Don’t ‘dump’ refugees in austerity-stricken counties, share burden – MPs, councils

A migrant stands among dismantled shelters of the camp known as the "Jungle", a squalid sprawling camp in Calais, northern France, January 18, 2016. © Pascal Rossignol
Refugees should be dispersed equally across the United Kingdom and not “dumped” together in towns where they would put a strain on public services, MPs and council leaders have warned the Home Office.

Politicians from some of the 10 county councils with the highest ratios of asylum seekers to residents, including areas in northern England, Scotland and Wales, said the resettlements are placing undue pressure on public services.

They added that having to cope with higher levels of asylum seekers was unfair for councils currently facing public spending cuts.

Rochdale MP Simon Danczuk said the government is “dumping” asylum seekers and “creating tension.”

Rochdale is a cohesive community. We are quite diverse, but this is really upsetting the apple cart and it is creating tension.

“You have groups of asylum seekers, who through no fault of their own have nothing to do because they are not allowed to work, wandering around the town center, not speaking English.

Mayor of Middlesbrough Dave Budd said the government had “far exceeded its fair allocation.” Middlesbrough is the only local authority to pass the official ratio of 1:200 asylum seekers to residents.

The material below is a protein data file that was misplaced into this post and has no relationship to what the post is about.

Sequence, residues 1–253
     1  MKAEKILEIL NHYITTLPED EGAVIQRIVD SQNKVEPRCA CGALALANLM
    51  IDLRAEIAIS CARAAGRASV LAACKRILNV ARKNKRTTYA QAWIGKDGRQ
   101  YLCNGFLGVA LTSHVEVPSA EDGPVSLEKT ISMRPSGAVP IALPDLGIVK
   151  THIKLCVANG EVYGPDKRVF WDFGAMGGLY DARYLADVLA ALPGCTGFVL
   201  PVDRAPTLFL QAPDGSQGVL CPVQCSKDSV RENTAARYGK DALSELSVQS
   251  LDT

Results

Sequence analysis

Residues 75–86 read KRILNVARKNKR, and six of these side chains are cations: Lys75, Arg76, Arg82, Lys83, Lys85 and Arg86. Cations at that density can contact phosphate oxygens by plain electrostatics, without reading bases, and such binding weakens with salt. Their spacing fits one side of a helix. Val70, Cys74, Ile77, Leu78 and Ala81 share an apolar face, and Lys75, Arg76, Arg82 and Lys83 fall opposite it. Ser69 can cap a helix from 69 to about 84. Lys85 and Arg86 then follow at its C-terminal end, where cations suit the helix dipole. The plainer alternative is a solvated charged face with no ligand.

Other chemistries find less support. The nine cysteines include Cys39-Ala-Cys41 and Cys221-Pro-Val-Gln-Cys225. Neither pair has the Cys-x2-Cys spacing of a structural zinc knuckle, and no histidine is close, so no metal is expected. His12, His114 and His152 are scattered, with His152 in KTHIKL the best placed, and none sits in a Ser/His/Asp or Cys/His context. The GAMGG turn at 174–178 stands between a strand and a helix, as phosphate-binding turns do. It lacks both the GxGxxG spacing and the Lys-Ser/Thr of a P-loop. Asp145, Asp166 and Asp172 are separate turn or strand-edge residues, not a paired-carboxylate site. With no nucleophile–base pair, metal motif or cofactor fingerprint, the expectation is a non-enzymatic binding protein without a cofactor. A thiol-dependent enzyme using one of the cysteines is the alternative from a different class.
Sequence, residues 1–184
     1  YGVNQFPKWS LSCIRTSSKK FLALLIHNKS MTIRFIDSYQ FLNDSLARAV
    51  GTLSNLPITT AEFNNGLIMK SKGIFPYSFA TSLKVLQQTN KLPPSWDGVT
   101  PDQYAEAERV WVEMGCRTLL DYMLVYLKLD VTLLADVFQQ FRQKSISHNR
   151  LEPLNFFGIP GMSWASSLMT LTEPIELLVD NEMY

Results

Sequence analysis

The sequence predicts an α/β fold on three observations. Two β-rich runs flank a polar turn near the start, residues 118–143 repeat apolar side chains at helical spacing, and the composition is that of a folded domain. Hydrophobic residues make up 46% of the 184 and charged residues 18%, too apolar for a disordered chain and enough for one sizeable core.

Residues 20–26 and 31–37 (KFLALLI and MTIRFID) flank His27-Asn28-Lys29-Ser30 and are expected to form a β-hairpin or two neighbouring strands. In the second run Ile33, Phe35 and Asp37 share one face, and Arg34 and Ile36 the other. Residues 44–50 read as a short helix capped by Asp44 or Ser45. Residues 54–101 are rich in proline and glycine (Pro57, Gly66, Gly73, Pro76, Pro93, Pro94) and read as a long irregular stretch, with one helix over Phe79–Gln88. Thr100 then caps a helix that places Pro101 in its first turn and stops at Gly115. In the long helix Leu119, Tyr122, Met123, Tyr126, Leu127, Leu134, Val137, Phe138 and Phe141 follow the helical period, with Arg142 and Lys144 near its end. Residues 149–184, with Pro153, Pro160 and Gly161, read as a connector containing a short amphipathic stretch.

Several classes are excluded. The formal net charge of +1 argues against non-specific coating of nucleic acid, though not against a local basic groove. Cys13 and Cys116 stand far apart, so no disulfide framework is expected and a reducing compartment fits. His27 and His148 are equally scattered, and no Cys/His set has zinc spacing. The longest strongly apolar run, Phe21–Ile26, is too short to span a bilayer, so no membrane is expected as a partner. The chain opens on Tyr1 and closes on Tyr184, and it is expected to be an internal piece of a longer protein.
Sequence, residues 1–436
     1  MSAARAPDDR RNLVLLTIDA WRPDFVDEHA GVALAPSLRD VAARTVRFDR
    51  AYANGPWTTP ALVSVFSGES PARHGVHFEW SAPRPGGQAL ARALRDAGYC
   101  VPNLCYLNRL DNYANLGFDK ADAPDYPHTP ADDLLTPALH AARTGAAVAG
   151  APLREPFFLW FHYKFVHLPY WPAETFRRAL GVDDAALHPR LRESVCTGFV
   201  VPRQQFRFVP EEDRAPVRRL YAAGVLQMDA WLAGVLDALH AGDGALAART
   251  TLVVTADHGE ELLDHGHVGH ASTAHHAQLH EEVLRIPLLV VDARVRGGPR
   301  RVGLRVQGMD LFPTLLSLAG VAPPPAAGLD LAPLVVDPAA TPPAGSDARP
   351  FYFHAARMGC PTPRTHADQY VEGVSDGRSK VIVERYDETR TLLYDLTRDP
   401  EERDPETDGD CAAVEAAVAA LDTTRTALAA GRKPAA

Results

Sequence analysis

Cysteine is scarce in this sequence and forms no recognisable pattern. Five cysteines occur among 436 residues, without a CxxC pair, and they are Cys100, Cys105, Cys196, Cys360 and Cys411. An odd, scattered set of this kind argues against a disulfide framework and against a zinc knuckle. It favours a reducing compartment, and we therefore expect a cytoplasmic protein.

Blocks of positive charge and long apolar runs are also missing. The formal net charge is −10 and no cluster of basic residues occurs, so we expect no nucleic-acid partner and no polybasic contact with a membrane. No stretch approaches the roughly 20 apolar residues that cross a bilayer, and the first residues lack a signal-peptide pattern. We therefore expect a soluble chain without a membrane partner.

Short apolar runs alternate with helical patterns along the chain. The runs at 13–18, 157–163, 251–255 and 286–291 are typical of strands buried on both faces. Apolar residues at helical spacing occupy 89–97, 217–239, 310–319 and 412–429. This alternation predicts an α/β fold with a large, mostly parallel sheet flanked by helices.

In the town, one in every 173 residents is an asylum seeker. It emerged last week that some of the refugees feel stigmatized after being given accommodation with red doors to mark them out.

It has since been agreed the doors will be painted a different color to prevent vandals and racists from attacking the houses.

Labour MP Geraint Davies also expressed his disappointment with the decision to exploit Swansea’s “warm welcome” by “over-burdening us and not providing the resources that are needed to support asylum seekers.”

Their complaints come as councilors in Kent have been criticized for blaming the refugee crisis on their inability to provide safe housing for local children.

On Monday the council said local children had been forced to move to safe housing in other counties because of the number of asylum seekers and unaccompanied minors, citing a 30 percent rise in vulnerable children in six months.

Hope Not Hate activist Duncan Cahill told the Morning Star that Tory councilors are using “nameless and faceless immigrants” as scapegoats for funding cuts put in place by their own party.

It’s an incredibly unfortunate excuse by [Kent County Council] when the real issue with regards to social care would more likely be a result of government cuts as opposed to the influx of people travelling over from Calais.

“I would ask the council to stand this up — right or wrong — before they spark scaremongering traps.

“There have been social care problems ever since the Tories were elected in parts of Kent, which is a rather large county and has no shortage of space. Councilors are simply too scared to lay the blame where it belongs.”